• Range of RF transfer In FIG. 1 we envision the collar delivering the RF power to tissue imbedded SPARCs. In phase I we will push for 10 uW of RF power transferred over 0.5 cm distance. In phase II, we will optimize by picking the right frequency and RF design of transmit antenna to increase power transfer to 20 uW/SPARC over 5-cm distance.
  • Ultrasonic stimulation of Vagus nerve Due to the boundary conditions presented by the body in the form of tissue in-homogeneities, US pulses may scatter sonic energy that affects the focus on spots, and/or tissue absorption may be too high. A consideration can include to lower the frequency to increase wavelength to reduce scattering. This may create a tradeoff between stimulation resolution and stimulation intensity. We can also augment the internally generated stress by outside skin placed sonic transducers, operating at much lower frequency to add strain fields to help the internal chips achieve the thresholds needed to trigger the nerves.
  • SPARC placement from the nerve for focusing The placement accuracy may depend on how close can the needle get to the Vagus nerve under ultrasonic imaging.
  • Another approach to address this possible issue is to inject many SPARCs with the expectation that many of them are not effective in stimulation.
  • SPARCs Power transfer to SPARCs:
  • the size of the SPARC chips may limit the power transfer to the chips, e.g., due to limited mutual inductance with the external device.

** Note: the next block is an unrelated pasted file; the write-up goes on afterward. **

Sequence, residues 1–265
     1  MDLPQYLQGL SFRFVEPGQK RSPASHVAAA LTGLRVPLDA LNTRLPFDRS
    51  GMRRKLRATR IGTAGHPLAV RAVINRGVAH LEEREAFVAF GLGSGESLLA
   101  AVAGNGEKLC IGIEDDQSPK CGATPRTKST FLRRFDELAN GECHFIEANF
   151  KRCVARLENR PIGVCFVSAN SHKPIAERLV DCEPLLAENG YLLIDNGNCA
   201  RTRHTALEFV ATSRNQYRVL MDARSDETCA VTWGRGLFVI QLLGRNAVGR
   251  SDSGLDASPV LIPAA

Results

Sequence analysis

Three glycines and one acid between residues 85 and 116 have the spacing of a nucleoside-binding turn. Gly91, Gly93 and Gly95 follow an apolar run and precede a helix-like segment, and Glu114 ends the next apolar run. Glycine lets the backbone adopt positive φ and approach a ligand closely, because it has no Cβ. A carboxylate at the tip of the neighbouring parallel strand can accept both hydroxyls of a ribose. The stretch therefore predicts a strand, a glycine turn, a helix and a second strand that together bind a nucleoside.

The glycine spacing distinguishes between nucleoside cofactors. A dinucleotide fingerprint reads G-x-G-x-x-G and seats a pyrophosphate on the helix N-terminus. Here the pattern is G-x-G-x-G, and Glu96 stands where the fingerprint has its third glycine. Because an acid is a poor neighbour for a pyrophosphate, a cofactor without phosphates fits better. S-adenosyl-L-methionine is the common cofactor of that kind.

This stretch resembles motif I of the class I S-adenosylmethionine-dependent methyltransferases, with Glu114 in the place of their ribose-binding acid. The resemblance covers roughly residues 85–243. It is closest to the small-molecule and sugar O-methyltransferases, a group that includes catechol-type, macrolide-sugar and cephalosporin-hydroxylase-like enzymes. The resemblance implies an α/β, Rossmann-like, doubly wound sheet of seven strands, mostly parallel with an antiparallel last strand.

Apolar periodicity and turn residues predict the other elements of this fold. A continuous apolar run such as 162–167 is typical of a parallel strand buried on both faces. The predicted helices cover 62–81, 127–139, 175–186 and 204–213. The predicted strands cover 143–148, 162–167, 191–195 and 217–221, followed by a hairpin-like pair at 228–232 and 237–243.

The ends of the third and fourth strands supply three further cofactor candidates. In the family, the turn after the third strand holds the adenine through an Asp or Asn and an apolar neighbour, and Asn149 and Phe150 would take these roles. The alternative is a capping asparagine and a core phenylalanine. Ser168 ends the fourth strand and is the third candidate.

• Potential area disadvantages can be fought by development of on-chip higher value inductors by adding magnetic materials, and making 3D etched capacitors to store higher energy to be released in pulse modes.
  • Another approach may include the use of integrated piezo on SPARCs to harvest ultrasonic energy from outside the body to power SPARCS, e.g., which may include direct contact for treatment that could limit the use of on-demand electrical prescriptions.
  • the chips can be coated with organic coatings such as ParyleneTM.
  • organic coatings such as ParyleneTM.
  • films and/or coating structures can be used to address chip topography and biochemical reactions in the body.
  • the coating can include secondary metal coatings of platinum, carbon, and potentially even graphene to provide a nanoscale approach to prevent ions from diffusing into SPARCs.
  • Animal model for Depression Animal models can include excessive variability. This may limit the interpretation of the data obtained by stimulating the Vagus nerve. To address this, the exemplary implementations may include a large number of rats tested to get statistical significance.